ESG investing or Environmental, Social & Governance investing is essentially socially responsible investing. It refers to investments that prioritise optimal environmental, social and governance factors.
Many people today want to invest in funds that have a positive impact on the world, or at least not have a negative impact. The value of an investment is no longer just about how much money it can make you – but also about the positive impact it can have on the world. This is where ESG investing comes in. A recent Aviva survey showed that 7 in 10 pension investors agreed that it is important to think about ESG factors when investing.
Evaluating ESG criteria is a way of enhancing traditional financial analysis, not replacing it. The aim isn’t just to make sure the investment is ethical. As with any investment, the main objective of ESG is financial performance. Of course, like any investment, the value of ESG funds could go down as well as up and you could get back less than you put in.
Taking an ESG approach to investing means that an investor will take environmental, social, and governance criteria into account when they’re considering investing in an asset.
Environmental factors refer to the long-term impacts of issues such as climate change, biodiversity, energy use and water scarcity on a company. For example, if an investor was considering putting their money into a particular company, the organisation’s environmental factors would be assessed, like energy consumption, their policy on climate change, or their waste production. This has become increasingly important, and it looks like it will be an even bigger factor in the future.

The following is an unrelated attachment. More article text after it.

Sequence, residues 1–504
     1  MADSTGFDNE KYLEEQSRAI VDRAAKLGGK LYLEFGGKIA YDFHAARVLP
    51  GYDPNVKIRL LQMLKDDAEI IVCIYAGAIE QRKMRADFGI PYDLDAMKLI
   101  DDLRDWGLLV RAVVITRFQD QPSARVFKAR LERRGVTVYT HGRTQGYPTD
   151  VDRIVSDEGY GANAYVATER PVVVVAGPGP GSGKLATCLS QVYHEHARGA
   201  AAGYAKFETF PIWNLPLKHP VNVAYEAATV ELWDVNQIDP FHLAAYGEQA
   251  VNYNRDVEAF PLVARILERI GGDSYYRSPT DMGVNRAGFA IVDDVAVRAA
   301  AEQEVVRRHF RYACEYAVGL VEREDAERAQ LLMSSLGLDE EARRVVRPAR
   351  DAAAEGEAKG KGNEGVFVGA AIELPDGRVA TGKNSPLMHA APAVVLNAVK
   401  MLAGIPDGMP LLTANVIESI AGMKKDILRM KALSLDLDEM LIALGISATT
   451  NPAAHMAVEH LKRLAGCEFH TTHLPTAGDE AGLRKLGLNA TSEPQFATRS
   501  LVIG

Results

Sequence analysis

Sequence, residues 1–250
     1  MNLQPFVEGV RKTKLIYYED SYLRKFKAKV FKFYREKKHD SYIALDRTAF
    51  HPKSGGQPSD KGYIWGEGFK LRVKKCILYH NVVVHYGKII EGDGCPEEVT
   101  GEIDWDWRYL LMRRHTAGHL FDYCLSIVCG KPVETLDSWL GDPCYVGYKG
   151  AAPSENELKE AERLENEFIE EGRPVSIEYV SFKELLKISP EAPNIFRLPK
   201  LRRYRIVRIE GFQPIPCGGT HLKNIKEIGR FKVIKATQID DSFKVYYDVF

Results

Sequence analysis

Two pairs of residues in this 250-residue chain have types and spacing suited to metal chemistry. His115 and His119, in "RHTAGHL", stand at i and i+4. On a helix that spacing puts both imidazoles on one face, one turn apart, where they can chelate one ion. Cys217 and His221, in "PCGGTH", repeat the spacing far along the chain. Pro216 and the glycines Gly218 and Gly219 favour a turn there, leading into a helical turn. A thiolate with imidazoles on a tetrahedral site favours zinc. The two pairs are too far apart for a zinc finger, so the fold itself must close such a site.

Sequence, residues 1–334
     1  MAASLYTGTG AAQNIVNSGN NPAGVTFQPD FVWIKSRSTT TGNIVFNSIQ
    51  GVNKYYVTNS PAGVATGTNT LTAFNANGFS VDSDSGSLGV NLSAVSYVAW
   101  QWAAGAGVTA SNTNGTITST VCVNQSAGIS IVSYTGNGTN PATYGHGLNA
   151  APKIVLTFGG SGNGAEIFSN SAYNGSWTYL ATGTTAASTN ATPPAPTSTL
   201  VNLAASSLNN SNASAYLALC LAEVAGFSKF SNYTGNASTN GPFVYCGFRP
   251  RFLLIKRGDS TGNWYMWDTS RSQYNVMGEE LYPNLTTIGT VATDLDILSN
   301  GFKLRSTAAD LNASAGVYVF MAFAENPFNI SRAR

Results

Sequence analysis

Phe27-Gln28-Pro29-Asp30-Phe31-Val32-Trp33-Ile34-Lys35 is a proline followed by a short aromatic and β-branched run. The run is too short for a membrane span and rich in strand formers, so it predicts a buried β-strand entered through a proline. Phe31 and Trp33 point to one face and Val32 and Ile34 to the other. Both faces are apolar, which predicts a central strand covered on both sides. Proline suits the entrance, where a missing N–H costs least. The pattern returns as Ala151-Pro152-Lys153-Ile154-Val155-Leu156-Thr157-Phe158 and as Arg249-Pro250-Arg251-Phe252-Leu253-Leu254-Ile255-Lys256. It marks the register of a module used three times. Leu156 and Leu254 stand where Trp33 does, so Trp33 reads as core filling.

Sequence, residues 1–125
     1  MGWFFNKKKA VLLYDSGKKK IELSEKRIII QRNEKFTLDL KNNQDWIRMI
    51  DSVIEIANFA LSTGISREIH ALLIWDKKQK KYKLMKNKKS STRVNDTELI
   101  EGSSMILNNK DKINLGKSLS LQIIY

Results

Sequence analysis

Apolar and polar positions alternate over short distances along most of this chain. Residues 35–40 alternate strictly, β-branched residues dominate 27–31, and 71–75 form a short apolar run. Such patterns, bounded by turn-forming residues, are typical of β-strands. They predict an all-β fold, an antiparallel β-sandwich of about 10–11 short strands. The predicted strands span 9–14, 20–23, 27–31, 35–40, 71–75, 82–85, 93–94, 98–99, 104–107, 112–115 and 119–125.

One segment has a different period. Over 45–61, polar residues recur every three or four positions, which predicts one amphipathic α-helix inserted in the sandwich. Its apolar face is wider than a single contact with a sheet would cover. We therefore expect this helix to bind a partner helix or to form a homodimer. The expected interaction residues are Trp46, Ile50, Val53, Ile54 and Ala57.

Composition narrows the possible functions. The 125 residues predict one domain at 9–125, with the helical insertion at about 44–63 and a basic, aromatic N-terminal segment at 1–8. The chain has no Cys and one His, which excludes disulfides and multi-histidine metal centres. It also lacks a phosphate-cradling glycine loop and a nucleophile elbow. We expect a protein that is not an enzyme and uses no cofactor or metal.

This refers to how a company manages it’s community, employees and suppliers for long-term success. Are they exposed to developing regulations? Valuations may need to be adjusted for potential future regulations that constrain profit growth. Social factors include everything from a company’s diversity, hiring process and even how a firm advocate for social good outside of the business.
Governance factors considers ethics within a business such as corruption and diversity. The company needs to be governed fairly and effectively through it’s board and procedures. A company may be excluded if the board is not sufficiently independent to look after stakeholder interests. The preference is for companies with equal voting rights.
Basically, an ESG based fund will exclude any companies that don’t tick all the socially responsible boxes. These funds can reduce portfolio risk, generate competitive investment returns and of course help investors feel good about the funds they are putting their money into. The goal of such funds is to do well financially and do some good in the world at the same time.
If you’d like to learn more about ESG investing, call 025-30588 or book a chat with us here.